8 min read

Freight Parking Is Getting Less Efficient at Serving Manhattan’s Economy

New data from Replica and Geotab ITS reveals how efficiently freight vehicles support economic activity in Manhattan’s neighborhoods.

Published on
September 13, 2022

As New York City grapples with an influx of freight vehicles, new data shows that commercial activity in Manhattan now relies on more truck parking for the same levels of economic activity compared to 2019.

Borough-wide, block groups in Manhattan with heavy truck activity saw an increase of over 25% in truck parking activity for every $100,000 spent in retail from 2019 to 2021 according to data from Replica and Geotab ITS.

At the local level, we see that it’s not the same story everywhere. Here is where the most and least efficient census block groups are located in Manhattan:

Retail vs. Freight Activity in Manhattan

Replica’s weekly economic activity data shows that retail spending in Manhattan in August 2022 was nearing its 2019 summer levels: In-person retail spending in August 2022 reached about 92% of what was seen in August 2019.

Each week Replica updates its Trends product with new economic activity data that shows how consumer spending is changing across multiple spending categories.

Geotab ITS helps companies manage fleet efficiency by employing over 3 million unique fleet telematics devices and processing over 55 billion data points daily. This aggregated dataset can be used to understand freight activity over time, including truck parking and idling events. Using this data alongside Replica’s helps illuminate the change in freight activity in Manhattan as it relates to consumer retail spending.

By normalizing freight parking events by retail consumer spending, we can visualize the number of trucks that serve each neighborhood per $100,000 of retail spending. Replica aggregated the data to the block group level and looked at a typical weekday in October 2019 as compared to one in April 2021, eliminating block groups with too few data points.

The results demonstrate that neighborhoods are remarkably varied in the number of trucks their local retail economies require. In these maps, darker areas see more freight truck parking events per $100,000 in retail spending. Hudson Yards (in the upper left side of the map) is more efficient than the Financial District (lower left) in freight activity. The East Village (middle right) is noticeably less efficient than nearby SoHo.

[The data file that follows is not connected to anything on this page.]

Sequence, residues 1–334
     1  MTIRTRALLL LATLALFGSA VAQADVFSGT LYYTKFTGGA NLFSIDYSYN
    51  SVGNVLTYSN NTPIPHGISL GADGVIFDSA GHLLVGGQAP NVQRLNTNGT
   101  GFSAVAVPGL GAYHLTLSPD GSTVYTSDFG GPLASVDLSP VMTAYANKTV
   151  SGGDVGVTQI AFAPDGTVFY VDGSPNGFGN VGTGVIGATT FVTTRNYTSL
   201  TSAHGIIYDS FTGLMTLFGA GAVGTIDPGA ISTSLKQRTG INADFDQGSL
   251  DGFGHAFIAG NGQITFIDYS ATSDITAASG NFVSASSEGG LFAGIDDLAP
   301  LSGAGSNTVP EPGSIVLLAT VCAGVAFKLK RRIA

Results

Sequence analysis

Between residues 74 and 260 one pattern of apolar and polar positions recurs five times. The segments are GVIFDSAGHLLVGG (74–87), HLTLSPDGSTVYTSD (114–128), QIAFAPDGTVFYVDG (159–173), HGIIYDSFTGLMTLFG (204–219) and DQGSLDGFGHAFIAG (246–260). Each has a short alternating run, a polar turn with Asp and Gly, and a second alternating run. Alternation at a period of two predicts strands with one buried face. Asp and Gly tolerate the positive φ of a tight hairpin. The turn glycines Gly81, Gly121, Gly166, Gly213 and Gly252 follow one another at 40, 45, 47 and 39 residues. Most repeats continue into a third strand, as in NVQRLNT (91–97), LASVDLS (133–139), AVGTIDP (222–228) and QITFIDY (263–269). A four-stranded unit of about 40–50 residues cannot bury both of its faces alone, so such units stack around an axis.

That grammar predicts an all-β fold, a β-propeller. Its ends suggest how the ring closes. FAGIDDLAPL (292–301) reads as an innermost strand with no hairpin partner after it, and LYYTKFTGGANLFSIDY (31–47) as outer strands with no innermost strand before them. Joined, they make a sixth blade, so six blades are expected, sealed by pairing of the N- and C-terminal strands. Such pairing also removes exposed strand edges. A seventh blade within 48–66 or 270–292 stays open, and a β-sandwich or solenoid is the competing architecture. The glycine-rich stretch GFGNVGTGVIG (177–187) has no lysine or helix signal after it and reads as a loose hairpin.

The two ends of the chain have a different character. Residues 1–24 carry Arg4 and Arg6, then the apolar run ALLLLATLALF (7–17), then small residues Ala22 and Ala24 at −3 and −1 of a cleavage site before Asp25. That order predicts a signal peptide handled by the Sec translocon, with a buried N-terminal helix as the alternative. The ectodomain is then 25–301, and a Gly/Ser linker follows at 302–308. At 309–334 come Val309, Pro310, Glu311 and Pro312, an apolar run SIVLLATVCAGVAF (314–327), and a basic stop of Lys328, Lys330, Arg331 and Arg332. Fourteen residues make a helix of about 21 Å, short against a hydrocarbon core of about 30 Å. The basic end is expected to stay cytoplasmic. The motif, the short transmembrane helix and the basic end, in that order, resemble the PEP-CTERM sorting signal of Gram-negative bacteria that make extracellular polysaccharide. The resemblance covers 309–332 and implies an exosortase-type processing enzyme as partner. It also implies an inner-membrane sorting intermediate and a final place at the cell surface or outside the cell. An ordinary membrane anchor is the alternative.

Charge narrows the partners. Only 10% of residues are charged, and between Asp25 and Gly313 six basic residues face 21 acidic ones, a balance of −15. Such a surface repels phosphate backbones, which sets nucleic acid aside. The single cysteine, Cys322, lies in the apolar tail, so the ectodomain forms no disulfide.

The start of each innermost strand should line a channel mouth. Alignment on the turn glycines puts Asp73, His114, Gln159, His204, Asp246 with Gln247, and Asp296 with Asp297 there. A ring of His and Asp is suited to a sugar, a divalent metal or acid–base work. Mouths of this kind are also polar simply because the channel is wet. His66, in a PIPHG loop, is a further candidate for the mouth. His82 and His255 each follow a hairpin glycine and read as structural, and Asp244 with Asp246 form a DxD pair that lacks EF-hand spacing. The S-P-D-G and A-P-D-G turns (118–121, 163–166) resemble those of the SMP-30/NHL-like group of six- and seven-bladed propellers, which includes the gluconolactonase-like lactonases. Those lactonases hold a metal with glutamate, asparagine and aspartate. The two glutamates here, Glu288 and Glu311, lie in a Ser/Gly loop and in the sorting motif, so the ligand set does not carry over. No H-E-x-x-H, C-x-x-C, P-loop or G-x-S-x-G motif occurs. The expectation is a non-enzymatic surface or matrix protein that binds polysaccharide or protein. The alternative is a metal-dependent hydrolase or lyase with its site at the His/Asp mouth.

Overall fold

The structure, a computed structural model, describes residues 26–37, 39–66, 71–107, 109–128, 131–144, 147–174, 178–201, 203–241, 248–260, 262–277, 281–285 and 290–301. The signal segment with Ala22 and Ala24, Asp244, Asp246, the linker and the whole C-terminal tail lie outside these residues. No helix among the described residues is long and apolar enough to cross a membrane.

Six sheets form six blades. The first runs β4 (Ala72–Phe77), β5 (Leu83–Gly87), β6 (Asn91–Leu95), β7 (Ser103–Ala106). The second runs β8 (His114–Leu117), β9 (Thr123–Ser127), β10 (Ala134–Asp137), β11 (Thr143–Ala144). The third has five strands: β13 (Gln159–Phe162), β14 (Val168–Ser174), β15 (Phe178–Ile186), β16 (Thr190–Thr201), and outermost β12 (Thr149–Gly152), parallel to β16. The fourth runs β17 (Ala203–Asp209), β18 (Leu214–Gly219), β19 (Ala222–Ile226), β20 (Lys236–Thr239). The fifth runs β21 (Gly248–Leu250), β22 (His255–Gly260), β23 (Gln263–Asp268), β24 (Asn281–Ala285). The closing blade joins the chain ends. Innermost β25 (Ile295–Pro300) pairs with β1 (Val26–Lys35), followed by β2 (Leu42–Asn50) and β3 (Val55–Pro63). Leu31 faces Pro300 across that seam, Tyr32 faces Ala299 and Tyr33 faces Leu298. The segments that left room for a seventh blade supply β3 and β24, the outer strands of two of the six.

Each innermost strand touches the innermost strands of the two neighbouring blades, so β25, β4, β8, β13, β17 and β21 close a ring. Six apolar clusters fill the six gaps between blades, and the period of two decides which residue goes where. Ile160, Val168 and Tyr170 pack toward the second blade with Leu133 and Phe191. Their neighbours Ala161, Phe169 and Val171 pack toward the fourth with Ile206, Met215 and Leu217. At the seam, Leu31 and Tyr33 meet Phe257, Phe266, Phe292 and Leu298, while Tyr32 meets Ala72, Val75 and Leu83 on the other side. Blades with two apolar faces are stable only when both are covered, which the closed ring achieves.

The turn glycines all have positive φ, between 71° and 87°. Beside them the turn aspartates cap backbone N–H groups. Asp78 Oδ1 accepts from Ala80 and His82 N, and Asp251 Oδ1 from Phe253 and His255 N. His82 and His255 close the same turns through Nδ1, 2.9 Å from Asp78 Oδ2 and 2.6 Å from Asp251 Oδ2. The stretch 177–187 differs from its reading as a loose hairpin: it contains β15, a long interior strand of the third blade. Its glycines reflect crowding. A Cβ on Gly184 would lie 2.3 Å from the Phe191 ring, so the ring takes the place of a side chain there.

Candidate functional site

In other words, these less efficient areas require more freight parking per dollar of retail spending than more efficient areas — a dynamic that can have a noticeable impact on safety, emissions, congestion, and quality of life for residents.

Where Freight Parking Is On the Rise

While the number of trucks per $100,000 of retail spend is varied across neighborhoods, it has also changed over time.

Here, we visualize how freight parking events per $100,000 of retail spending have changed from October 2019 to April 2021 by neighborhood. The change is visualized as a percent of pre-pandemic levels: red represents an increase in freight activity from October 2019 to April 2021, green represents a decrease.

On the whole, despite the relative drop in retail spending over the period, retail now requires more freight vehicle parking than prior to the pandemic in Manhattan.

Despite this trend, some neighborhoods have decreased in truck activity per retail spending. For example, Hudson Square (middle left) is more efficient, as are block groups in the East Village and the Lower East Side. While Hudson Yards is more efficient than the Financial District pre- and post-pandemic, it has declined the most in efficiency over the period.

One hypothesis for the change in retail freight activity is that the pandemic brought an increase in online retail spending. However, Replica data suggests this isn’t the case in Manhattan. Replica’s consumer spending data captures both online and in-person spending by resident home location. For Manhattan residents, pre-pandemic spending was higher in both categories compared to April 2021.

As cities look to manage their economic recovery and post-pandemic “new normal” mobility patterns, they can look to Replica and Geotab ITS to identify where freight activity has gotten less efficient and ask what’s working in neighborhoods like Battery Park City and the East Village. Products like Replica’s Trends and Geotab ITS’s freight activity can also be used to keep track of neighborhoods like Hudson Yards in near real-time, to make sure retail delivery efficiency is not getting worse.

If you’re interested in working with Replica to explore spending and freight activity trends in your area, or learn how our unique parking data can help augment this analysis, please get in touch.

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Replica Editorial
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